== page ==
MB: How significant a role do you see technology playing now and in the future?
JV: Technology is the central theme of our industry. Consumers are increasingly tech-savvy, flocking to new sites, applications, and devices. The digital ad industry is filled with positive-thinking, innovative minds, not to mention huge pools of investor dollars that develop new technologies to help us keep up with the digital consumer. With consumer technology fueling fragmentation, advertising technology is increasingly about aggregation, bringing together siloed digital channels for improved advertising performance.
AC: Technology is already having a very real impact on the way digital media is bought and sold. In the next couple of years I'd expect to see that trend continue, and that some large portion of digital media will be bought through platforms, as opposed to a traditional RFP process. There is still a fair amount of manual, repetitive work involved in setting up, launching, and managing digital marketing programs. In the hopefully near future technology can solve for this, and let agencies spend their time exclusively on activities that add real value.
MB: How do you see the agency business model evolving to keep pace with the new digital consumer?
JV: Staffing-wise, digital agencies must strike a balance between generalists and specialists. Higher level strategists should set the agenda based on current knowledge of all aspects of digital, while lower level tacticians should be trained to master disciplines such as SEM, social, and DSP/trading desk. Who knows what new disciplines will emerge five years from now, but it's pretty certain that agencies will constantly have to evolve to keep up with consumers, and to keep their clients happy.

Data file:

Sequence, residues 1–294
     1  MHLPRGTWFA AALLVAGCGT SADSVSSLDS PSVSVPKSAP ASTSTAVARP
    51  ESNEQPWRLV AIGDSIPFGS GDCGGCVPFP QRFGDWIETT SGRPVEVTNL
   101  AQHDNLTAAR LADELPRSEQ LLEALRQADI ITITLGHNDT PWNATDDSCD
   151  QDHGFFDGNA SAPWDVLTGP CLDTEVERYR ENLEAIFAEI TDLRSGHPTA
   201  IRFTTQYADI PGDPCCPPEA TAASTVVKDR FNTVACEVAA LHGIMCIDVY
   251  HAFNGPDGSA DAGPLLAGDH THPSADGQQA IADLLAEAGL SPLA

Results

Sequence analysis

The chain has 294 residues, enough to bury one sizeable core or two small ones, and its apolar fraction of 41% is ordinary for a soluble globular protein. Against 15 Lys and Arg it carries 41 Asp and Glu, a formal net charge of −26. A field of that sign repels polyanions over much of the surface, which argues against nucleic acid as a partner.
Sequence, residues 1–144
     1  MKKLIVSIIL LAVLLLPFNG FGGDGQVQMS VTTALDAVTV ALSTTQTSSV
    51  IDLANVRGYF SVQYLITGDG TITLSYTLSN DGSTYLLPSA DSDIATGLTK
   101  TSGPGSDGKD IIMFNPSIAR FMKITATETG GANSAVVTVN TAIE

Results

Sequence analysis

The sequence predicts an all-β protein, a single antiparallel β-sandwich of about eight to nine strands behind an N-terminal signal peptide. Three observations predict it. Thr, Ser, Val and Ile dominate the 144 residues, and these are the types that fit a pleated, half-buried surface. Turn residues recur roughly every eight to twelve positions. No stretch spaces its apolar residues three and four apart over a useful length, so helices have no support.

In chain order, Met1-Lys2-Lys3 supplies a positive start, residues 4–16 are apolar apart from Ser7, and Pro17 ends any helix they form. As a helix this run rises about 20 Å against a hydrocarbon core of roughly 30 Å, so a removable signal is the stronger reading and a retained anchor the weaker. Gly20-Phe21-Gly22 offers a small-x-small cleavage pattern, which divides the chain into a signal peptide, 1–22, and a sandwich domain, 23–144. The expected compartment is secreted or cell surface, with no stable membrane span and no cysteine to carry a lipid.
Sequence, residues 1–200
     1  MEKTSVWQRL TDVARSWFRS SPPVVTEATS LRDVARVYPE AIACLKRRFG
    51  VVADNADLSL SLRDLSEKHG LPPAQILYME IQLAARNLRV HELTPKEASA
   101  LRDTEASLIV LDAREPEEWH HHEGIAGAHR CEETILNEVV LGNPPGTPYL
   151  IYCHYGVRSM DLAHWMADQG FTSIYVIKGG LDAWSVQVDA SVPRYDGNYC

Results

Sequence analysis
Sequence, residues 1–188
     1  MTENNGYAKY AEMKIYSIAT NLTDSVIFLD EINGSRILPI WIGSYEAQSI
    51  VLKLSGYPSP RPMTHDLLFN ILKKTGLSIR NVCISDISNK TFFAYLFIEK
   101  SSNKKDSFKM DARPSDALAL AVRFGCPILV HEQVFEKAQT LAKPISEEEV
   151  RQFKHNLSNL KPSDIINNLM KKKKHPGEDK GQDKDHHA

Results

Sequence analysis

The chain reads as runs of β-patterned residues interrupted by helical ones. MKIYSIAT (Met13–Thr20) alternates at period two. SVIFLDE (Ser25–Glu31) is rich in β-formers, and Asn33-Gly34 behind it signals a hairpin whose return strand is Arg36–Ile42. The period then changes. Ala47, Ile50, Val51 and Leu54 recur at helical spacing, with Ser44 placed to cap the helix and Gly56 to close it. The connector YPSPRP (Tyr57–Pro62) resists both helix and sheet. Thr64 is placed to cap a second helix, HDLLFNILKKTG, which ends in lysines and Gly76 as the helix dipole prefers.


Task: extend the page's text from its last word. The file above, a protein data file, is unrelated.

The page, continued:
AC: I think the most successful agencies will be the ones that develop collaboration as a core competency. Both technology and consumers are changing so fast, and continually, that it really isn't possible for any one agency to be expert at everything. At the same time, I do think that for many clients the best solution is to have a lead agency that, while they may not do everything, is responsible for connecting everything.
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Mike Baker is president and CEO of DataXu. He has been pioneering digital media platforms for 20 years and is a widely recognized thought leader in interactive advertising. Before cofounding DataXu, he was vice president at Nokia, where he created and ran Nokia Interactive. Baker came to Nokia through its acquisition of mobile advertising leader Enpocket in 2007, where he was the founding investor and CEO. Baker was previously a partner at venture capital firm GrandBanks Capital. He has also been executive vice president at CMGI and Engage Technologies, an innovator in online advertising and behavioral targeting. Baker holds degrees in law and telecommunications management.
December 12, 2013
1:00pm ET / 10:00am PT